Posts Tagged: Weeds
Weed Day 2018 comes to UC Davis July 12 You can read about the latest weed-science research being...
press release WeedDay2018
A recent blog by Farm Advisor Rachel Freeman Long in Yolo/Solano/Sacramento Counties alerted me to a weed that I thought was mainly a northern California plant.
But according to Calflora it's been found in Agoura Hills and Moorpark with two sightings in San Luis Obispo County.
Spiny buttercup (Ranunculus muricatus) is a non-native plant, that is fairly common, especially in wet areas such as meadows. We also find it in crops, including orchards, pastures, and cereal grain fields. It's both an annual and perennial plant that blooms from March to May, with seed pods that are large and prickly. Though it's pretty with the bright yellow flowers, don't be fooled, as it has a dark side, so should be controlled.
First, according to Dr. Birgit Puschner, UC Davis Vet Med Toxicologist, all buttercups contain ranunculin, though there are differences in species in terms of toxin levels. In pastures, because the plant is bitter, animals simply eat around it. But if ingesting the fresh plant, they can develop blisters. The toxin degrades in hay; thus, it's only a problem in grazing and fresh exposures.
Second, according to Dr. Gilbertson, UC Davis Plant Pathologist and Ozgur Batuman, former UCD Post Doc, buttercup is a significant host of tomato spotted wilt virus (TSWV). Other important weed hosts for TSWV include cheeseweed (Malva parviflora), sowthistle (Sonchus oleraceus), and prickly lettuce (Lactuca serriola). TSWV crop hosts include peppers, tomato, lettuce, and bell beans (fava).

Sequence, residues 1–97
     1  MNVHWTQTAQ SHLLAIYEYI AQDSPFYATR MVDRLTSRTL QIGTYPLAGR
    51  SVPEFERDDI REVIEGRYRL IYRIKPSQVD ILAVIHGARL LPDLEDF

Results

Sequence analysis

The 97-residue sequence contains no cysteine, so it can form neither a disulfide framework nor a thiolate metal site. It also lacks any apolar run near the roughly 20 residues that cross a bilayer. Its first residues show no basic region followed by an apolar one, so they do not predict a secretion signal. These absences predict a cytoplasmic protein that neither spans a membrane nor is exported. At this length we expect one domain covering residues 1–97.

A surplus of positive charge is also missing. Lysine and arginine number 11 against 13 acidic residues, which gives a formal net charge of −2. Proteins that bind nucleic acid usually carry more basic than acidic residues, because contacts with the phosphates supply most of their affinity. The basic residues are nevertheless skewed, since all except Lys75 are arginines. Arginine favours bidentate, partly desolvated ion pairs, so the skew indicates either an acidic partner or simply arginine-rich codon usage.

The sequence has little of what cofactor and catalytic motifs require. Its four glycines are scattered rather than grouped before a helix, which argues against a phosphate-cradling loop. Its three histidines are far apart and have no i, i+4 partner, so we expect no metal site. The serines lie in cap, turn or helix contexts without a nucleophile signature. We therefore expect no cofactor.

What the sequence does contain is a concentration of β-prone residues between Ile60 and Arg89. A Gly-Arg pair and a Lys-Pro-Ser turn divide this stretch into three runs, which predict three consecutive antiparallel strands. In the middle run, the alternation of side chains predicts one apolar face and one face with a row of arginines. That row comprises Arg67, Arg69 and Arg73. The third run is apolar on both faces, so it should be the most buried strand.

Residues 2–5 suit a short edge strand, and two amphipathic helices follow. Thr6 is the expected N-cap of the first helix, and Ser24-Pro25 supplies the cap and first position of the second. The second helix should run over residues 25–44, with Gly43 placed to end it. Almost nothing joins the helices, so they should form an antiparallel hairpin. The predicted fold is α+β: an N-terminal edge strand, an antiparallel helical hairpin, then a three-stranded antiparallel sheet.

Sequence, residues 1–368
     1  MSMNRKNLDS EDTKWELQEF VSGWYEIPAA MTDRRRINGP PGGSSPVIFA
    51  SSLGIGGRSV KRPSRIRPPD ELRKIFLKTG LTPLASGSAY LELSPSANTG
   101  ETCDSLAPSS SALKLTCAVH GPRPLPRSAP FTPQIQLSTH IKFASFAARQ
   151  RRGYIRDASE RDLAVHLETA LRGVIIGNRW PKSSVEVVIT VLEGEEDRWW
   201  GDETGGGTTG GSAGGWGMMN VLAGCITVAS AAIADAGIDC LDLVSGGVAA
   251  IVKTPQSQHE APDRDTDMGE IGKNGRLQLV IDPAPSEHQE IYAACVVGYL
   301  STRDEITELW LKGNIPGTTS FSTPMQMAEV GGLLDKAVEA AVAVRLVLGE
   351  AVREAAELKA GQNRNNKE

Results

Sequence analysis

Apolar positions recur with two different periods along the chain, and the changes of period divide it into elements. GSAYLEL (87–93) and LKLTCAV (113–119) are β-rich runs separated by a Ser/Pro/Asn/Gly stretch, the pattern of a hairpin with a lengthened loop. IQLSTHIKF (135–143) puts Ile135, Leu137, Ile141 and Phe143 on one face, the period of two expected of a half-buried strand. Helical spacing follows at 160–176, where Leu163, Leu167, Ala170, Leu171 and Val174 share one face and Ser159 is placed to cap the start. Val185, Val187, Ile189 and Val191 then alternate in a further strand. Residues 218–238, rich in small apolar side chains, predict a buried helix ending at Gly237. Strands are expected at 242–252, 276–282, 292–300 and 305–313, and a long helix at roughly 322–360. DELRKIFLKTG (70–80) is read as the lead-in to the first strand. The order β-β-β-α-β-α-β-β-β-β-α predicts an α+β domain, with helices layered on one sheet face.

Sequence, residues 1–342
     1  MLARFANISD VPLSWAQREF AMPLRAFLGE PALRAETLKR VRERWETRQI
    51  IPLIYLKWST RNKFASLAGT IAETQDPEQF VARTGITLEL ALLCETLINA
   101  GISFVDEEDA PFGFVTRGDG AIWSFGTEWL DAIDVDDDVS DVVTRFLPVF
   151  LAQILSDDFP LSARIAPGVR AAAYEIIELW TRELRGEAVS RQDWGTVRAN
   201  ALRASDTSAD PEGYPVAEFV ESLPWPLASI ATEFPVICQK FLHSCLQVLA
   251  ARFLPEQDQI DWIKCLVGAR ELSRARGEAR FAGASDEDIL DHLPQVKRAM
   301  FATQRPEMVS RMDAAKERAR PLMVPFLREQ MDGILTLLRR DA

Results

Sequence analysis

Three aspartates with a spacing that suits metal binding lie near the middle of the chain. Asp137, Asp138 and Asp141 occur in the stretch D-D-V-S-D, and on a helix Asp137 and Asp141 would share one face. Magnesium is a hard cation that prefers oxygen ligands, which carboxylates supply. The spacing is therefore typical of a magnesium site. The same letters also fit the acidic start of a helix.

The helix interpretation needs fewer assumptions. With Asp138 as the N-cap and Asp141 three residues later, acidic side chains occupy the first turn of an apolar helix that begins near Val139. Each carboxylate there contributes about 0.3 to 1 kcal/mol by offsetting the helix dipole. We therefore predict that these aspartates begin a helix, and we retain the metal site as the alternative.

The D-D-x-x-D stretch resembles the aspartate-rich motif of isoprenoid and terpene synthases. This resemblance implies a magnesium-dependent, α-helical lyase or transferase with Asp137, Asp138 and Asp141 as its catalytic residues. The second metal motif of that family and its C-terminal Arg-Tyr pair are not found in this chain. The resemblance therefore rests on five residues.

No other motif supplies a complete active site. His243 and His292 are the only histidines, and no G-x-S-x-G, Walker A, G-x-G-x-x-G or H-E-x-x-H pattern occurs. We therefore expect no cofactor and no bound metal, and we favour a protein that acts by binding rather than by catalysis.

The primary vector of TSWV is the western flower thrips, a tiny insect that feeds on the plant foliage. Immature thrips pick up this pathogen from infected plants and transmit it to healthy ones when they become adults and disperse to new host plants. TSWV is not transmitted via seed.
Symptoms of TSWV typically include necrotic spots, often with tip or leaf dieback that looks like drift from a contact broadleaf herbicide. However, there is a lot of variability in the symptoms of TSWV depending on the host that could be confused with other problems. As such, if you suspect TSWV in your crop, the best way to positively identify it is by using on-site tools to test for this disease, such as ImmunoStrip® tests. A good resource for TSWV in tomatoes is: Tomato spotted wilt disease in tomatoes.
Watch for spiny buttercup and control this weed to keep it from spreading. We need to keep our pastures safe and TSWV out of our crops.
UCIPM and California Department of Pesticide Regulation are holding Weed Management...
Occasionally plants show up in our office for identification and no one in the office knows what it...
Occasionally plants show up in our office for identification and no one in the office knows what it is. So it's sent off to to others who might know. This was the case of a perennial amaranth, also called goosefoot for some reason. The is Chenopodium californicum, also know as Blitum californicum.
Like other amaranths, it can be upright to 3 feet in height, or if mowed or grazed be more flattened or decumbent. It has a thick, fleshy stem that along with the leaves can be eaten. I guess pigs like it, because it's also called pigweed.
The leaves look sort of lettuce like, which gives it another name - Indian Lettuce.
The stem has also been used for making soap, which gives it another name of soaproot. Which is not to be confused with another soaproot, Chloragulum. Plant names can be confusing.
Chenopodium californicum, Blitum,goosefoot, pigweed, soaproot grows in the chaparral on slopes and in foothill woodlands, mainly along the coast.
Plants for a Future: https://www.pfaf.org/USER/Plant.aspx?LatinName=Chenopodium+californicum